Cuomo Wins Out as Democrats’ Candidate for Attorney General
This article is from the archive of The New York Sun before the launch of its new website in 2022. The Sun has neither altered nor updated such articles but will seek to correct any errors, mis-categorizations or other problems introduced during transfer.
Andrew Cuomo, who boycotted the state Democratic convention during his 2002 gubernatorial race, yesterday became the party’s designee for state attorney general, winning 66% of the weighted vote at this year’s convention in Buffalo.
Mr. Cuomo’s victory was marred by accusations from a rival in the race, Mark Green, who said party leaders coerced his supporters into voting for Mr. Cuomo.
“Going through the democratic process has made me a better candidate,” Mr. Cuomo said in his speech to more than 400 party delegates and political leaders, including his father, Governor Cuomo.
The nomination from the state Democratic Party did not carry with it the endorsement of the state Democratic Party leaders. The Assembly speaker, Sheldon Silver, and the state attorney general, Eliot Spitzer, who is running for governor, have not indicated if they would make endorsements in this race.
Helping coordinate Mr. Cuomo’s floor operations – and, according to some, deliver votes – was a SEIU 1199 union organizer, Jennifer Cunningham, and a vice chairwoman of the New York Democratic committee, Emily Giske, who is a registered lobbyist with Bolton St. John.
“I’d like to thank Tom Manton, Vito Lopez, Rich Schaffer, Jose Rivera, and Jay Jacobs for their deals and threats at the behest of the Cuomo machine,” Mr. Green said, referring to the Democratic county leaders in Brooklyn, Queens, the Bronx, and Nassau and Suffolk counties.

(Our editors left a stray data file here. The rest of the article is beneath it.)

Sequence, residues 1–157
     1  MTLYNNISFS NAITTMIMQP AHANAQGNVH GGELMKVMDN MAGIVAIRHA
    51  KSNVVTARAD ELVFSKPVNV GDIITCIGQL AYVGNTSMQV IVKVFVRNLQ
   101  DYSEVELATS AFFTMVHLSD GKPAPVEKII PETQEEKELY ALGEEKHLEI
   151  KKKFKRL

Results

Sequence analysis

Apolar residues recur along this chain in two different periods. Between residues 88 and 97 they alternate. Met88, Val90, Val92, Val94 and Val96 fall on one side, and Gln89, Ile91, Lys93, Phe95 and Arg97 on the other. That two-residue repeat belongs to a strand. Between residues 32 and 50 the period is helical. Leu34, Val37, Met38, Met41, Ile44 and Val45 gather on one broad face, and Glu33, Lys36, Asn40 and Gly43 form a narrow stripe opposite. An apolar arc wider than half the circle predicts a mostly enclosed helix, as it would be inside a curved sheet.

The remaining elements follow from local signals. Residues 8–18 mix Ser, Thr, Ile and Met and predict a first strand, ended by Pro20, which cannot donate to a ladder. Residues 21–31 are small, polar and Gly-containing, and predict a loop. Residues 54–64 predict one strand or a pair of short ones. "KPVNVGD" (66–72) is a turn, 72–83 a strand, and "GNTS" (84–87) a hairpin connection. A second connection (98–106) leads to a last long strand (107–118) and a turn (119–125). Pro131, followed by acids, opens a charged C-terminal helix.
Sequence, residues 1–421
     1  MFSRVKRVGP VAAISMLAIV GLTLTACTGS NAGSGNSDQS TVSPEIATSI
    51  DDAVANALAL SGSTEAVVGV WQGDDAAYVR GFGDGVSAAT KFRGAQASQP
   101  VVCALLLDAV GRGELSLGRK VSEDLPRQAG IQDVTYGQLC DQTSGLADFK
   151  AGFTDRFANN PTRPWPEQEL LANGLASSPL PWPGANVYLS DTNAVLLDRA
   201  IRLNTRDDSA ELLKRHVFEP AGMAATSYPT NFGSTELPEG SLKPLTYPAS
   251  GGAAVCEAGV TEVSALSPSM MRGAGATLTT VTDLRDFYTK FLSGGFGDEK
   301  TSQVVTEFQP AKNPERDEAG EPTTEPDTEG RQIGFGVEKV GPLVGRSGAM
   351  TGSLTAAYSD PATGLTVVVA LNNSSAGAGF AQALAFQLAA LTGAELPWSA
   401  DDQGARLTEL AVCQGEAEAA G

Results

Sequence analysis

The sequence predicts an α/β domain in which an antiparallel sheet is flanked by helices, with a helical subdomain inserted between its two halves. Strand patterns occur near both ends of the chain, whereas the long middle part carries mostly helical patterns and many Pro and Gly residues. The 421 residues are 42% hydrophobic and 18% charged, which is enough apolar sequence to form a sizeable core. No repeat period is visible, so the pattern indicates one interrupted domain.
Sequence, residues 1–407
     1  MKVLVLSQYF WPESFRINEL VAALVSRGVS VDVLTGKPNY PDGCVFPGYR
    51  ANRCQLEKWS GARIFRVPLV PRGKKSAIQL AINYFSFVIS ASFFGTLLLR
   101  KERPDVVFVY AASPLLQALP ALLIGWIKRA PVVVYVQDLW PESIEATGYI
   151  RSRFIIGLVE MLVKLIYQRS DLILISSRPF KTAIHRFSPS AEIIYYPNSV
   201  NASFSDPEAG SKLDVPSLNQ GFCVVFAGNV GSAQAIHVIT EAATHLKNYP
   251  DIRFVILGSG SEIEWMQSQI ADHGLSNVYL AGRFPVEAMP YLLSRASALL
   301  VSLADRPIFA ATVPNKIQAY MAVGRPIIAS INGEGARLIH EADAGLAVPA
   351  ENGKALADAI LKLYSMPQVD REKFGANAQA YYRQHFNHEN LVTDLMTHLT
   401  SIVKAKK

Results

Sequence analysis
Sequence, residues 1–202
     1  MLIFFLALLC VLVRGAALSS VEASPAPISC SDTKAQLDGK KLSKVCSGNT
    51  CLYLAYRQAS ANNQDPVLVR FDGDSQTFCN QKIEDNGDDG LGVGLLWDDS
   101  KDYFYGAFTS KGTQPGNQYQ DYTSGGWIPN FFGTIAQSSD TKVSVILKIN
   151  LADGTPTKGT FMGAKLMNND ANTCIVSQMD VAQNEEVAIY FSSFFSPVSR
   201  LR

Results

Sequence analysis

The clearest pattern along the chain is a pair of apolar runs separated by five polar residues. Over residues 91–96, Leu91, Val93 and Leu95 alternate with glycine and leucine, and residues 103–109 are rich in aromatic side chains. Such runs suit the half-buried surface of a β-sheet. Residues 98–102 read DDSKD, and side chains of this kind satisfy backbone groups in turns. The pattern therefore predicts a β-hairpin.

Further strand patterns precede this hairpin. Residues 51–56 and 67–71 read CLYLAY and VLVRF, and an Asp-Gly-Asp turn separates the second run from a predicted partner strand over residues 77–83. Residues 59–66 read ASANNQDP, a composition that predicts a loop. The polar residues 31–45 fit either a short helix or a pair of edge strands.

“How can he stand up to special interests and political insiders when that’s how he got on the ballot?” the former public advocate, who received 19% of the weighted vote, said.
“There was no arm-twisting,” Ms. Giske said. “I am amazed that people would think that I, as an individual, would have any impact on telling people how to vote, or who to vote for.”
According to Mr. Green, one of his East Side supporters was told by a party leader: “It won’t help you get a contract to support Mark Green.” He declined to elaborate, but did say it was an insurance contract from a private company, and therefore did not warrant a criminal investigation.
Mr. Cuomo, a U.S. housing secretary under President Clinton, dismissed the accusations. “People got to vote their conscious and I’m gratified by the results,” he said.When asked if his campaign coerced delegates, Mr. Cuomo said, “No, obviously not.”
Along with Mr. Cuomo, three other candidates are vowing to file petitions to challenge Mr. Green in the September primary: a former federal prosecutor, Denise O’Donnell, who received 10% of the vote; attorney Charlie King (5%), and a former White House aide, Sean Maloney (0.04%).
“This is a false moment,” Ms. O’- Donnell said in a statement. “The real convention starts when the convention is over.”
Mr. Lopez, an Assembly member and Democratic County leader of Brooklyn, said persuasion, not coercion, dictated the night’s outcome. “Cuomo’s campaign did a very, very good job organizing counties. It was done with a lot of hard work on their part.
“They had lunch, they had dialogues, they met delegates,” Mr. Lopez said hours before he cast his vote for Mr. Cuomo.